So in those terms, yes, Everton are lucky to be where they are in the table. And I suspect they will still be making the most of their good luck right to the end of the season, just as Arsenal and Chelsea will. The reluctance to talk of Europe is understandable. But, based on the way they have played in the opening 16 games, I find it easier to comprehend Everton remaining where they are than falling away. Moyes has been guaranteed a transfer kitty in the region of £10m for January, regardless of whether the Fortress Sports Fund investment is secured or not. That money will add numbers to the ranks. And the Goodison chief is intent on ensuring the players that do come in fit, not just in terms of ability but also temperament. That will be a tough task, because the players he already has are playing well enough to earn comparisons with some of the teams from Evertonians illustrious history.
EVERTON (4-1-4-1): Martyn; Hibbert, Weir, Stubbs, Pistone; Carsley; Bent, Cahill (Osman 68), Gravesen, Kilbane (McFadden 68); Ferguson (Yobo 86). Subs: Wright, Watson
BOLTON (4-1-4-1): Jaaskelainen; Hunt, Jaidi, Hierro, N'Gotty; Campo; Giannakopoulos (Nolan 85), Okocha (Ferdinand 85), Speed, Pedersen; Davies. Subs: Poole, Barness, Cesar.
BOOKINGS: Davies (foul), Okocha (encroachment), Hunt (dissent)
REFEREE: Howard Webb
ATT: 35,929
NEXT GAME: Everton v Liverpool, Premiership, Saturday 12.45pm

We are flying high - Grav
Dec 6 2004 By Scott Mcleod, Liverpool Echo
THOMAS GRAVESEN has warned the rest of the Premiership that Everton have found the perfect balance of character and talent to maintain their sizzling start to the season. The Blues have come from behind in their last two Premiership outings against Newcastle and Bolton to claim four points from the six available. Those results have exposed the self-belief in the side and helped Everton open up an eight point cushion on the sides outside the European places. But, with the 200th Merseyside derby on the horizon, the Danish international (pictured) believes the squad has not received the recognition it deserves for the talent in the ranks. Gravesen said: "There are some world class players in our team. Talent always shines through in the end. "It would be wrong for me to say the team hasn't got any stars and our success is all about team spirit. We have a lot of really good players. "But the character is in the team right now too, and it showed against Bolton with us coming from behind twice before Leon (Osman) got the winner. We believe in our strength and in our team. "We don't get too nervous anymore because we believe in our strength. With Duncan (Ferguson) and Marcus (Bent) up front we have two terrific goalscorers and with Leon and Tim (Cahill) from midfield and Cars (Lee Carsley) with his free-kicks, we have a strong team going forward. "And defence tells its own story because we have the second best record in the league.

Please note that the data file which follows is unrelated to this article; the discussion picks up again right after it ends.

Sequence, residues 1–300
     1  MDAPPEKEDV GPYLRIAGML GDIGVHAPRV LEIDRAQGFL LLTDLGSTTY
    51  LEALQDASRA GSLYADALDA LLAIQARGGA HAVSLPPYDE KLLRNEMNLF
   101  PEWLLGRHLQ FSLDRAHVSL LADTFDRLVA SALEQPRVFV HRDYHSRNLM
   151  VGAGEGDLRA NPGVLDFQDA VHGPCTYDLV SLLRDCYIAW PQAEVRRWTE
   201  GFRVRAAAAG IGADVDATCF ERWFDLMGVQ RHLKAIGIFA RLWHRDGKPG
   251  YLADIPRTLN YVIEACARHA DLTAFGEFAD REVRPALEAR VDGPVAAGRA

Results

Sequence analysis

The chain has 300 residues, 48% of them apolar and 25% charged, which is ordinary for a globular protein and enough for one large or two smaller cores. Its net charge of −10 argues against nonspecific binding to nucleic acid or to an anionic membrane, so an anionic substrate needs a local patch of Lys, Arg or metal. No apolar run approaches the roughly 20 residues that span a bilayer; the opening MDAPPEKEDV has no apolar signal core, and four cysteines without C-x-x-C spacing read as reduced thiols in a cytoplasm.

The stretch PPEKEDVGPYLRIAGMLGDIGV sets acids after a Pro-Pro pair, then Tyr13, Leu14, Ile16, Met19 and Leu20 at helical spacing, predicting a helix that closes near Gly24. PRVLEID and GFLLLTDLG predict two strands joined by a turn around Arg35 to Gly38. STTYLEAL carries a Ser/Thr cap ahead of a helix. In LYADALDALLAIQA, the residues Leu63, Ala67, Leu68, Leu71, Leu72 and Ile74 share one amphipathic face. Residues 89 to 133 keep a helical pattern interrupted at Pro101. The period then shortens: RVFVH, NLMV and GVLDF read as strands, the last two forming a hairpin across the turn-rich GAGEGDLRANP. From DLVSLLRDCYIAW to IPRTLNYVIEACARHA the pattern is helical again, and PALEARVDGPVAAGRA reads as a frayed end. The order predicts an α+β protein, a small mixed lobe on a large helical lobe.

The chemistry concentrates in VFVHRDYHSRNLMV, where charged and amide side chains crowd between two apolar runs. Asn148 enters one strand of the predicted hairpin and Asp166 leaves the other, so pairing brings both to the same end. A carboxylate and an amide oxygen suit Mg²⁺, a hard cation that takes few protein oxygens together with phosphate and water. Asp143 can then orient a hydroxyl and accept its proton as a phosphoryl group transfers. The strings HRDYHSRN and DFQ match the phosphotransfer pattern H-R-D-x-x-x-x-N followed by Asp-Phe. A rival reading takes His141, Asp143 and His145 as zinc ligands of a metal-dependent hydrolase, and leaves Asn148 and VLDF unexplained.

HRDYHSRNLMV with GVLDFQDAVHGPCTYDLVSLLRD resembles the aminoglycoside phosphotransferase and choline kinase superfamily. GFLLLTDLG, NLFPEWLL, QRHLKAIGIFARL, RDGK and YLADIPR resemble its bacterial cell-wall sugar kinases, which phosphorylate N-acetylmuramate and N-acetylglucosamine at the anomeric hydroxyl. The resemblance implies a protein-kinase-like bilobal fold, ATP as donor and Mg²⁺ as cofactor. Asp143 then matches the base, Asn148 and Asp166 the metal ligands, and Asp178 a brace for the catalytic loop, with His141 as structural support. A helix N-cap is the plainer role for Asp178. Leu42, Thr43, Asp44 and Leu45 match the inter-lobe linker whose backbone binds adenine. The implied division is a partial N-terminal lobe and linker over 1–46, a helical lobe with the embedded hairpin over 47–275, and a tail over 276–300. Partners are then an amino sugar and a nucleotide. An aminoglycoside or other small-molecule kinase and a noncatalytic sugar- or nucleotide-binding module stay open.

"We seem to have found the right way of playing. But it is also about preparation and talent."
Those factors combined perfectly to over-come the substantial challenge of Bolton on Saturday.
He continues: "I love every win we get, but this match was very difficult because Bolton have a specific style of playing and it doesn't suit us. "But we coped with it the best way we could, we tried to prepare ourselves the right way to engage them and we knew what they were about. We watched videos of how they were playing, so we were ready for them. "For us to win the game was a massive result. It was never going to be polished football which won it, it was always going to be a scrap. We managed to deal with that the best way we could." Gravesen netted his fifth goal of the campaign on Saturday. That is already his best ever return in a season. But it is not a statistic he is focusing on. He added: "I am more pleased with the way the team is playing than the number of goals I have scored now. It has always been like that, because if you are a good player you become a better player in a good team. "But of course it is nice to score goals and be a part of it. That means a lot to me."

Aggression can only take a team so far
Dec 6 2004 Analysis by David Prentice, Liverpool Echo